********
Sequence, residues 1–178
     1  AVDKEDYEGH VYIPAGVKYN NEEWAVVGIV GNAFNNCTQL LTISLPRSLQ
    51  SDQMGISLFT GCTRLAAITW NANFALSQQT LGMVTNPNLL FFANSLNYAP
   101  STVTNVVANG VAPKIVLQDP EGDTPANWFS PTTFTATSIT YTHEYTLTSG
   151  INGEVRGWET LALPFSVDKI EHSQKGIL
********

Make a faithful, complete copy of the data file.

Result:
Sequence, residues 1–178
     1  AVDKEDYEGH VYIPAGVKYN NEEWAVVGIV GNAFNNCTQL LTISLPRSLQ
    51  SDQMGISLFT GCTRLAAITW NANFALSQQT LGMVTNPNLL FFANSLNYAP
   101  STVTNVVANG VAPKIVLQDP EGDTPANWFS PTTFTATSIT YTHEYTLTSG
   151  INGEVRGWET LALPFSVDKI EHSQKGIL